Majority of California counties now extend healthcare coverage to undocumented population
- The County Medical Services Program, which pools resources for health service provision in California’s rural and sparsely populated areas, announced the agreement, which affects 35 counties throughout the state.
- Officials hope that extending the coverage, which includes doctor visits and up to $1,000 in prescription drugs, will deter the spread of communicable diseases and limit the use of emergency facilities for routine healthcare.
- 47 of California’s 58 counties now extend coverage to the state’s 2.7 million undocumented immigrants, including L.A. County.
“Frankly, it’s just the right thing to do. … For us to have an underclass that is left out is unconscionable.”
Read the full AP story at CBS Los Angeles.
U.S. Hispanic population grows by 1.2 million over one-year period
- According to figures recently released by the Census Bureau, Hispanics now number 55.4 million, with the greatest growth in the states that have been the traditional homes of most U.S. Hispanics: California, Texas, and Florida.
- Non-white majority states and federal districts are California, New Mexico, Texas, Hawaii, and Washington, D.C., with New Mexico containing the highest proportion of Hispanics at 47.7%.
- The total U.S. population grew 2.5 million over the same period to 318.9 million.
Read the full story at the Latin American Herald Tribune.
Arsonists strike predominantly black churches across southern U.S.
- Four churches were burned in the last week in Tennessee, Georgia, North Carolina, and South Carolina, with at least three suspected to be the result of arson.
- Investigators have not ruled any of them as being a hate crime yet, although investigations are ongoing.
- The fires have occurred less than a week after the massacre at the historic black Emanuel AME Church in Charleston, South Carolina, that left nine dead.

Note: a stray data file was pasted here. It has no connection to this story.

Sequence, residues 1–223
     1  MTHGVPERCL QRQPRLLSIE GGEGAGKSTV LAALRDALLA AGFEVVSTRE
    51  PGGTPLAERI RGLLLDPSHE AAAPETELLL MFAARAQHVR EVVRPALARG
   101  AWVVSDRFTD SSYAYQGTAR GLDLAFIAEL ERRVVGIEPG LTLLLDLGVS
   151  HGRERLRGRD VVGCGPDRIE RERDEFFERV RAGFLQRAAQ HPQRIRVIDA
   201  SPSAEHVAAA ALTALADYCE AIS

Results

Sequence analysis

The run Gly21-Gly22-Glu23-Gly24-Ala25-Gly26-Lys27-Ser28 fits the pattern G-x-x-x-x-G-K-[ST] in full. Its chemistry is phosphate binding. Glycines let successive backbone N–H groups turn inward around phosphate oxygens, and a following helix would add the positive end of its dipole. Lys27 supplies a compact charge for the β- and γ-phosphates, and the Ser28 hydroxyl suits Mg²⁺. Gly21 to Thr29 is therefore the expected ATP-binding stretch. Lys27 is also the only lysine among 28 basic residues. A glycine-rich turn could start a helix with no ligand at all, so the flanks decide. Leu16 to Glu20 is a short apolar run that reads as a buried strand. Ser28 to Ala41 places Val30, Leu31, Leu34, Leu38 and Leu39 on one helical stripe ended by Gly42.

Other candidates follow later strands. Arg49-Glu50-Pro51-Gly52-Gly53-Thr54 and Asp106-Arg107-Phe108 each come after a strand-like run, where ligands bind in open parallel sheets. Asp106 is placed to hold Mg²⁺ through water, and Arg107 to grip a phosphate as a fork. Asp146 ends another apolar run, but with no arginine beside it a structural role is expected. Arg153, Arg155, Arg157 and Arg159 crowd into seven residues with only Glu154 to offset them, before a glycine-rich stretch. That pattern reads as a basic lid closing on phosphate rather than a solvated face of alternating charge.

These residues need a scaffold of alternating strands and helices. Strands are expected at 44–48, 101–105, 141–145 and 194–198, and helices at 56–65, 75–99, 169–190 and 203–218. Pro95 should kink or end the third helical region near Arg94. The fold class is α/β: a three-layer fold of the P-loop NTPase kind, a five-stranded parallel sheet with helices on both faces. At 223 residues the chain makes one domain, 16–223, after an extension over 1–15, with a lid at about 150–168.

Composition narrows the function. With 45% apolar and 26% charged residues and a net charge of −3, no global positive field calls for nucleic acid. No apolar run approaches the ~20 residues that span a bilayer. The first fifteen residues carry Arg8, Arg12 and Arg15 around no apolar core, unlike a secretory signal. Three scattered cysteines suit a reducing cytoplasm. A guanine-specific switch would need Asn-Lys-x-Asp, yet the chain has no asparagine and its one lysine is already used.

“The most important thing is people. … We’re going to build it back better than ever.”
Read the full story at BuzzFeed.
(Image Credit: Larry Wood/Twitter photo, via BuzzFeed)
Syrian university student population in Turkey experiences nearly eight-fold increase over four-year period
- The total number of Syrian students in Turkish higher education has increased from 608 to 4,597 since 2011, according to Turkey’s Higher Education Board (YÖK).
- The board has allowed for seven Turkish universities to accept Syrian students as “special students,” waiving the need for the documentation usually necessary for admission, and later allowing for students with full documentation to transfer as undergraduates.
- Education Minister Nabi Avci announced in May the creation of a university in the Gaziantep province that would primarily accept Syrian students.
Read the full story at Sunday’s Zaman.
(Image Credit: Cihan/Sunday’s Zaman)
Istanbul Pride attendees dispersed by police with water cannon and rubber bullets as governor calls off event
- Plans to march along Istanbul’s Istikal Avenue near Taksim Square quickly evaporated as police swarmed the marchers preparing for the Sunday evening parade, leading to several detentions.
- The governor denied permission for the event citing Ramadan, despite the parade having taken place in the past.
- The event has grown from 30 participants in 2003 to around 50,000 in 2013, considered to be the largest of its kind in the Muslim world.
“These people do not hurl stones and they never would. They do not throw petrol bombs. They just ask for a legal recognition. … This summarizes what has been happening in Turkey. Any request for rights is met like this.”
Read the full stories at Hurriyet News Daily and Reuters.
(Image Credit: Kemal Aslan/Reuters)
Amsterdam finds a quarter of immigrant residents dissatisfied with bilingual education in the city
- The city council conducted a survey on the education of international workers’ children, finding the students distributed amongst traditional Dutch schools (45%), international schools (40%), and bilingual-stream schools (15%).
- The city’s international schools were found to have significant barriers to entry including long waiting lists and high fees, with only 20% of employers providing financial assistance.
- Primary schools will soon be able to offer 15% of lessons in English, French, or German in an effort to promote mutilingualism among young children.
Read the full story at DutchNews.
(Image Credit: File photo/DutchNews)